Generators in a container

Zephyr7

Active member
A cutoff saw will cut through titanium at about the same speed as hardened steel, maybe even a bit faster in some cases. Titanium is not really much of a miracle material: it has similar machining properties to stainless steel. The big advantages it has are that you get about the strength of a good steel with a similar weight as aluminum, and you get MUCH better corrosion resistance than even 316 stainless steel. In terms of ultimate yield and tensile strength, a good high carbon steel with the right heat treatment will beat a typical titanium part.

As someone who works in, and designs critical facilities that tend to have VERY VERY high levels of security, I can tell you that the way security works is to make something difficult enough as to not be worth the effort of stealing it. It’s possible to break into anything given enough time and resources. I like to say that the only “real” security is the “use of deadly force authorized” sign, but most places don’t get to use that :brows:

If someone is determined to steal your genset, they’re gonna steal it. What you want to do is to make it too difficult for the average thief to try. A shipping container is HEAVY, and can’t be moved without special equipment that is pretty big and takes some time to move. A 30kw size genset is pretty heavy too, and having it inside a heavy steel box like a shipping container will make it even harder to steal simply because the box restricts movement and limits your rigging options.

I would put the genset in the shipping container and padlock the door, then call it good. No need to anchor the container to the ground since it will already weigh thousands of pounds, even without the genset in it. Gravity will anchor it for you. Want to limit the ability to slide it or tilt it? If it’s on a concrete or asphalt surface, drill some expanding masonry anchors through the floor from the inside of the container to bolt it to the surface it sits on. Don’t have that option? Pour a 6” slab under the container and bolt it to the slab. Concrete weighs about 150 pounds per cubic foot. A 6” slab big enough to hold a half size shipping container will be at least about 9 x 21 feet, and will weigh 14,175 pounds. Add another 150 pounds or so if you put a sheet of remesh in it. Now you have a full assembly that weighs probably 10 tons or more, which means normal portable hoists can’t do squat.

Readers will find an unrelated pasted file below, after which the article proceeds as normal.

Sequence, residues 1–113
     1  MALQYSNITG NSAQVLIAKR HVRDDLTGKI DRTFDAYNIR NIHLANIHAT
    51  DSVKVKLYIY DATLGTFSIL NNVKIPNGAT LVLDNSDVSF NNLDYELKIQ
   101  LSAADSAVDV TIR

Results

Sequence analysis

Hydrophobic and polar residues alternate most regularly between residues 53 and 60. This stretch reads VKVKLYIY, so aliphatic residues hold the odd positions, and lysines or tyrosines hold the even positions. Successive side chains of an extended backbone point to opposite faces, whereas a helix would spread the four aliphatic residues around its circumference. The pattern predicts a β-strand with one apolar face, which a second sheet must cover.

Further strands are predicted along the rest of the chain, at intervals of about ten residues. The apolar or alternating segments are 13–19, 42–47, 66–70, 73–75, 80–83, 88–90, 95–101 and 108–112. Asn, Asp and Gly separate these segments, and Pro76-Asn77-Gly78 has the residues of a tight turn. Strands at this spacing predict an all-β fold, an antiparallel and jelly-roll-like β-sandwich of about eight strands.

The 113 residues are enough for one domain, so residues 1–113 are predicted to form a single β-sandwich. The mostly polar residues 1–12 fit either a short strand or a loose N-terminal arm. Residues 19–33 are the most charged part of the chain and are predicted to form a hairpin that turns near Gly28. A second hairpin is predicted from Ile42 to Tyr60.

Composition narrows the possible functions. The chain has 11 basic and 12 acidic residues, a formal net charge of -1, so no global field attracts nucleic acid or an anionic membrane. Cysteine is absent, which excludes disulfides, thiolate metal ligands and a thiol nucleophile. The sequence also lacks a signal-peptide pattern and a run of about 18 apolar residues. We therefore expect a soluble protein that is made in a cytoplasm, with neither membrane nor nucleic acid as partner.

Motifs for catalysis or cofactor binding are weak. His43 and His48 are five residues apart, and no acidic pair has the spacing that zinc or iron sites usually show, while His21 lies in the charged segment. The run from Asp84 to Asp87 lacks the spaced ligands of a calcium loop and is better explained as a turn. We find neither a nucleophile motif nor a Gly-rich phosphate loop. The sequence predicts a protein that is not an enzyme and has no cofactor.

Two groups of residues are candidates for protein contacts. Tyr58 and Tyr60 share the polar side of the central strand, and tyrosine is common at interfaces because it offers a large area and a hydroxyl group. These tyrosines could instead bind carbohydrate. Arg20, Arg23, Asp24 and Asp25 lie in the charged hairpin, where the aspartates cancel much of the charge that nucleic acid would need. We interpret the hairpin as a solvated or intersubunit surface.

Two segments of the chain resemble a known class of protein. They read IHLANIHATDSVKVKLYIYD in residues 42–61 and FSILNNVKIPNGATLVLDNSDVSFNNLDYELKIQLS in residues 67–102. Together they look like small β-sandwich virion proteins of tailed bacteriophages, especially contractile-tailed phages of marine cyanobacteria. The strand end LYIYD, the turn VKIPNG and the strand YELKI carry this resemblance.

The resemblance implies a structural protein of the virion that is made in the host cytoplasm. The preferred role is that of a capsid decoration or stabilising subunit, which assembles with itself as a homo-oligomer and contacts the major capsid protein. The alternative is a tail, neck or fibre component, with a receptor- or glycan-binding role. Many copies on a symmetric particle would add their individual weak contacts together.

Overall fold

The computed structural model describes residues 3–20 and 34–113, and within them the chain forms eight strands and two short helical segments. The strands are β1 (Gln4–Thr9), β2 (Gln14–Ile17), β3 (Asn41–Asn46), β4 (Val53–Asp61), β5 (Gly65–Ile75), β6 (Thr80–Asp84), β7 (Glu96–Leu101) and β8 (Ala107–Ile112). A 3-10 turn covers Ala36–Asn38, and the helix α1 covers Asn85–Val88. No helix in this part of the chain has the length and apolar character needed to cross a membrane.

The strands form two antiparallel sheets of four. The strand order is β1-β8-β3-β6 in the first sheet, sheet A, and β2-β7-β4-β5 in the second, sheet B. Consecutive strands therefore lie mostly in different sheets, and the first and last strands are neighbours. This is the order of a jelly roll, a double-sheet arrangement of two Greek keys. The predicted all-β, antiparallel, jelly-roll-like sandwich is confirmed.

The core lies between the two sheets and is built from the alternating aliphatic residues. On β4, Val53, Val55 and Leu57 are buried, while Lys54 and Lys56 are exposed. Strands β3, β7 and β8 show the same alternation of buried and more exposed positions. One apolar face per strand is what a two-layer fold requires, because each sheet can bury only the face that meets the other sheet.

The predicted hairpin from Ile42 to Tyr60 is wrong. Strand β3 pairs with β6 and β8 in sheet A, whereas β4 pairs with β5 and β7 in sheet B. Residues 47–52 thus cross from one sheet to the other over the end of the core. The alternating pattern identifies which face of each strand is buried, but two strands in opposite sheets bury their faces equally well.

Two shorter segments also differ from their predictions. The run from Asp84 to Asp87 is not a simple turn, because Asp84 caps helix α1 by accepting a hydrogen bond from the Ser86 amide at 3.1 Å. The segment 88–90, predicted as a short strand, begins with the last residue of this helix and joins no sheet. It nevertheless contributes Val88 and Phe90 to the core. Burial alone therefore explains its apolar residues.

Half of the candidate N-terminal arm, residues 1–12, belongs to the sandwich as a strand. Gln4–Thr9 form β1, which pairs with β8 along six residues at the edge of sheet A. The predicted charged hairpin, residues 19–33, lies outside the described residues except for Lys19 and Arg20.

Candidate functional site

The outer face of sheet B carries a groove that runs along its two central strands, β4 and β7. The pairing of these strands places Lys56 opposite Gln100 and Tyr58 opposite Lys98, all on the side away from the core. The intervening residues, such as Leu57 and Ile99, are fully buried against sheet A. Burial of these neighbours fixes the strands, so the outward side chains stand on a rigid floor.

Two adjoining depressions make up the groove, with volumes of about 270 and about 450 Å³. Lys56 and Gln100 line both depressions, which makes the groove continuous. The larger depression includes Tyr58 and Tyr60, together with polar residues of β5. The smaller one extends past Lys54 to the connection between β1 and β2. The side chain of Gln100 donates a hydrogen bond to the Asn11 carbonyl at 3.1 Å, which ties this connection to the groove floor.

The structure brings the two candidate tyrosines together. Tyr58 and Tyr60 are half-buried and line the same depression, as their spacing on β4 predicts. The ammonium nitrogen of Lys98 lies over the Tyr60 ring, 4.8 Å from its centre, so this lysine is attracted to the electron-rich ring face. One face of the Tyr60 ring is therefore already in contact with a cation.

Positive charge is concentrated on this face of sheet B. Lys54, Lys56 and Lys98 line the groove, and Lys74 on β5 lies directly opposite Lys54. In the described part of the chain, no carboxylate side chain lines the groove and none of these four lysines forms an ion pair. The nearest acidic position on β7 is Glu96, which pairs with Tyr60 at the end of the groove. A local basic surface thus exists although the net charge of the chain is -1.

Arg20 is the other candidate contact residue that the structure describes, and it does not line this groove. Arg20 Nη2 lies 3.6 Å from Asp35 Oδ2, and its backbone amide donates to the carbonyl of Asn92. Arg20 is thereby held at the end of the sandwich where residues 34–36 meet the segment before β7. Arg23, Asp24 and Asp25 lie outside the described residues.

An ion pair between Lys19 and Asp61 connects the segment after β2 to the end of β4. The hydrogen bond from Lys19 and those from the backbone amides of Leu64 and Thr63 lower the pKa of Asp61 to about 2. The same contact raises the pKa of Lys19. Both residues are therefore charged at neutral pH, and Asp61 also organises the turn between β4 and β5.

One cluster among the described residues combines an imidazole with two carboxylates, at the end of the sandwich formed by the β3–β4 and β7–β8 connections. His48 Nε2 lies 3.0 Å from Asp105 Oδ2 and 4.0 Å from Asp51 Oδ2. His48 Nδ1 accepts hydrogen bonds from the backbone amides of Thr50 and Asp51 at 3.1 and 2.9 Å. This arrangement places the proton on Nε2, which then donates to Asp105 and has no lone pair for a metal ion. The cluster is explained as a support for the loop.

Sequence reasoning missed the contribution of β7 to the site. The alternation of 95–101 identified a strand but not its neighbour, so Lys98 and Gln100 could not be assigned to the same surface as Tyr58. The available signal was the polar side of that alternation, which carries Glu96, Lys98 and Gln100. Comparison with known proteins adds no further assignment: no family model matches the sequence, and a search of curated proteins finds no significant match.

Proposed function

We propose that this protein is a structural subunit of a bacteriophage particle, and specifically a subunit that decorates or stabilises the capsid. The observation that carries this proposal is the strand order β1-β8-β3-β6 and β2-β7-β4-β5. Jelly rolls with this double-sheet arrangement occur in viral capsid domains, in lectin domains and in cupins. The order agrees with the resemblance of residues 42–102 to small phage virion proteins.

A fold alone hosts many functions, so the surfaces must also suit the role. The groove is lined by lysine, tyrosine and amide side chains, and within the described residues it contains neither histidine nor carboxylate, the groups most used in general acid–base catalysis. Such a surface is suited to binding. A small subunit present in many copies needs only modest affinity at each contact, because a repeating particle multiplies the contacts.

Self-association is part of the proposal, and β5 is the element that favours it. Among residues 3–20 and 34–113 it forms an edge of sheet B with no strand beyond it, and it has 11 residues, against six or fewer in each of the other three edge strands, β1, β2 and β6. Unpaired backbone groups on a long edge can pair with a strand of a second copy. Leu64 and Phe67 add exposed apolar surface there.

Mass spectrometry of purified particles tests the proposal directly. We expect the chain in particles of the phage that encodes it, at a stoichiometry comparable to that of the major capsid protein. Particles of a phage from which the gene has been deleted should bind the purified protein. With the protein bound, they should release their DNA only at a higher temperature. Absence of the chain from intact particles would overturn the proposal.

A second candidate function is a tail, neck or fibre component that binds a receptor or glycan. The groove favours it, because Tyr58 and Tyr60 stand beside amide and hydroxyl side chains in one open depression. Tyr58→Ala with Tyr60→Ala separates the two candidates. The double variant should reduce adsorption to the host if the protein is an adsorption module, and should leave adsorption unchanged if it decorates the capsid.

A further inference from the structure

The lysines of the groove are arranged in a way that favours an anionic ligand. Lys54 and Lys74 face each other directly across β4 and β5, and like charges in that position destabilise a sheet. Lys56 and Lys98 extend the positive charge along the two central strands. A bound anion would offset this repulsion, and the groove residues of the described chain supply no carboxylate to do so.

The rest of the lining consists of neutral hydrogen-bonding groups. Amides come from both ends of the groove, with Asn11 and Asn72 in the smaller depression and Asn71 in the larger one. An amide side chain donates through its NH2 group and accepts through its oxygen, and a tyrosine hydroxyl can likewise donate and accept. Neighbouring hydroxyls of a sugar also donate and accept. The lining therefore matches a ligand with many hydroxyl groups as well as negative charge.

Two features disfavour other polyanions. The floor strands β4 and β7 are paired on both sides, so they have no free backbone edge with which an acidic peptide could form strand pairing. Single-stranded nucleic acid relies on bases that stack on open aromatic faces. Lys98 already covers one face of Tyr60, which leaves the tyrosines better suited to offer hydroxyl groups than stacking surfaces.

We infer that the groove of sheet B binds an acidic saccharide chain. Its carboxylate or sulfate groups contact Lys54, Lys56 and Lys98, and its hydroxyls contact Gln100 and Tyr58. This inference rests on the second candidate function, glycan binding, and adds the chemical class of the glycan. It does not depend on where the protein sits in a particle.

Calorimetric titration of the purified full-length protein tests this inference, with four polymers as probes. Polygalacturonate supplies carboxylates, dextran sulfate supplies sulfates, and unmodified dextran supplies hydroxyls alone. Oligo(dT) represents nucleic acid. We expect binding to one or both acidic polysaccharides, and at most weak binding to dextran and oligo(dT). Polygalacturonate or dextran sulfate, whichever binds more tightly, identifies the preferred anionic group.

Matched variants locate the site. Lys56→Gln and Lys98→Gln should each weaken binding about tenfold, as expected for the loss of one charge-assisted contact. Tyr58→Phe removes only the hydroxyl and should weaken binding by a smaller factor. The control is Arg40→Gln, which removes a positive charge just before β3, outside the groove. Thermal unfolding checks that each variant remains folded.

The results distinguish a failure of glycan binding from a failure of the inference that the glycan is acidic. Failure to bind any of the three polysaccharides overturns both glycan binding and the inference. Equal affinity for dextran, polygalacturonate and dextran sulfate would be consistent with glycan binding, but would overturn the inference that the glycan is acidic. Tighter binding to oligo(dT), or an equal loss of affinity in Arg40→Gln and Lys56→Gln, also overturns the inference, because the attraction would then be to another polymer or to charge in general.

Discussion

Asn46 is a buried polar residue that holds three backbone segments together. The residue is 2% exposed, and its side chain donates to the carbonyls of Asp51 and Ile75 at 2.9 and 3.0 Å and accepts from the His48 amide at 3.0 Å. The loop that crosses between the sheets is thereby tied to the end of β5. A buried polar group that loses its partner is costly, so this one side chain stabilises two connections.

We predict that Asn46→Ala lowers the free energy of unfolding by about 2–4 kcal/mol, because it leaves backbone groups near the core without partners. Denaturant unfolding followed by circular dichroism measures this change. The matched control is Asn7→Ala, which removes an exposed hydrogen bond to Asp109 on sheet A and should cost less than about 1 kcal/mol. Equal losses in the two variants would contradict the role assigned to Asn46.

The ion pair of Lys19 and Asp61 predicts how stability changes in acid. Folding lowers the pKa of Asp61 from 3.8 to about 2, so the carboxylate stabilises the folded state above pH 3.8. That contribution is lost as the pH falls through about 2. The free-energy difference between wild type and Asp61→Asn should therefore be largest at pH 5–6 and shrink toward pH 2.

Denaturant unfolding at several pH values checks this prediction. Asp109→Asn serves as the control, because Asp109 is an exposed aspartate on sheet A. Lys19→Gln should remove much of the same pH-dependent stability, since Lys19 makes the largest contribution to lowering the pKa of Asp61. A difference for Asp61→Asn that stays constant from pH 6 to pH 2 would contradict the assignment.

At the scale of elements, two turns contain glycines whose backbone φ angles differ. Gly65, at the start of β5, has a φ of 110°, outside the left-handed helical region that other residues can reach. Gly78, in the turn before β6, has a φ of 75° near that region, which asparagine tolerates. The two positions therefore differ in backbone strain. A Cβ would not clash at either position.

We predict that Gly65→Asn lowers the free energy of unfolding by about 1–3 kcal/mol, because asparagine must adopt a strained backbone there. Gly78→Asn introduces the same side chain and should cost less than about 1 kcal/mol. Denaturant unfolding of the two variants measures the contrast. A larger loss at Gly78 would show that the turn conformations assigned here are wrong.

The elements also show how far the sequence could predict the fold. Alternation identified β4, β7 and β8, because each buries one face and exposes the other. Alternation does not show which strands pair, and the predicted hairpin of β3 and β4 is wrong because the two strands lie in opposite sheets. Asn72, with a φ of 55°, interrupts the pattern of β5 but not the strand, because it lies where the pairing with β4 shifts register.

That’s probably a reasonable level of security. Want more? Put a fence, maybe some barbed wire, to keep people away from the container. Want more? Put vibration sensors on the fence and a door switch on the container door and wire them to an alarm with horns and strobes. Need more? Get a monitoring service to call the police if the alarm goes off. Need more security? Concrete bunker time? Still more security is needed? Call me and I’ll set you up with some of my contacts with defense contractors :D

Security is like an onion, it works in layers. How many layers you need, and how much complexity you put into each layer is important, and can be expensive. There is a really cool fiber optic vibration/break sensor that I like to spec for fences. You weave the cable through the length of the fence, and if anyone bends the fence too much, or cuts the cable, the system tells the security guys where along the fence the disturbance is so that they can go check it out. It works by sending light pulses down the fiber optic cable and measuring the intensity and timing of the reflections to figure out where bends in the cable are. Very nice system, works out to miles of fence if you need it too. Not at all cheap though, it will cost more than the generator.

Anyway, my point is don’t spend more on the security stuff than the combination of replacing the generator and dealing with a power outage from a stolen generator would cost you. Put in a little more security than is needed to keep thieves from bothering with your system and that’s the best price/performance point for a security setup. Any more is wasted money.

Bill
 

Toesmack

Subscriber
I used to service gensets on mountain top radio relay stations in southern Ca. very close to the Mexico border. On the gates and the doors to the block house we welded a vertical heavy wall pipe with the large padlock way up inside as to make access very difficult except by key. This was before battery powered cutoff grinders. Even then you would need several abrasive wheels and more than one battery. Would take a torch or a gas cutoff saw to get past it. Never had a break in.